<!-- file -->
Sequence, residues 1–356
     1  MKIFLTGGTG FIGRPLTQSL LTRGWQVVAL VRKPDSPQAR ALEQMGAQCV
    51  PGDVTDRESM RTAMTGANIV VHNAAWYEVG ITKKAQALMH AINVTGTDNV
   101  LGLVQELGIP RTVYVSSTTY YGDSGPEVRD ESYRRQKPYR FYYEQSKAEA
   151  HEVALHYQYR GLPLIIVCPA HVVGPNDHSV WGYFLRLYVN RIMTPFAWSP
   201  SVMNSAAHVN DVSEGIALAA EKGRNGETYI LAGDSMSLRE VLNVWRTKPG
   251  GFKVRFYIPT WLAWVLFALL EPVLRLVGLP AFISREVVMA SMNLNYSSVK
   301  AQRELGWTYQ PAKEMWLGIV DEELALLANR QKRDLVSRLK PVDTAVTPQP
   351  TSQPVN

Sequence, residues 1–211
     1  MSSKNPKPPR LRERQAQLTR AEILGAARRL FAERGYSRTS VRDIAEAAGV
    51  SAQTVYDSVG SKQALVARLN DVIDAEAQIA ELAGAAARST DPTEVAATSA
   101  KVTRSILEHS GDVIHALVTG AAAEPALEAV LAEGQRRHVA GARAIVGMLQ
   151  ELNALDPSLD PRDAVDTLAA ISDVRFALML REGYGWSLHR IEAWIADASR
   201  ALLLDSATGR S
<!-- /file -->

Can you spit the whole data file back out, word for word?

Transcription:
Sequence, residues 1–356
     1  MKIFLTGGTG FIGRPLTQSL LTRGWQVVAL VRKPDSPQAR ALEQMGAQCV
    51  PGDVTDRESM RTAMTGANIV VHNAAWYEVG ITKKAQALMH AINVTGTDNV
   101  LGLVQELGIP RTVYVSSTTY YGDSGPEVRD ESYRRQKPYR FYYEQSKAEA
   151  HEVALHYQYR GLPLIIVCPA HVVGPNDHSV WGYFLRLYVN RIMTPFAWSP
   201  SVMNSAAHVN DVSEGIALAA EKGRNGETYI LAGDSMSLRE VLNVWRTKPG
   251  GFKVRFYIPT WLAWVLFALL EPVLRLVGLP AFISREVVMA SMNLNYSSVK
   301  AQRELGWTYQ PAKEMWLGIV DEELALLANR QKRDLVSRLK PVDTAVTPQP
   351  TSQPVN

Sequence, residues 1–211
     1  MSSKNPKPPR LRERQAQLTR AEILGAARRL FAERGYSRTS VRDIAEAAGV
    51  SAQTVYDSVG SKQALVARLN DVIDAEAQIA ELAGAAARST DPTEVAATSA
   101  KVTRSILEHS GDVIHALVTG AAAEPALEAV LAEGQRRHVA GARAIVGMLQ
   151  ELNALDPSLD PRDAVDTLAA ISDVRFALML REGYGWSLHR IEAWIADASR
   201  ALLLDSATGR S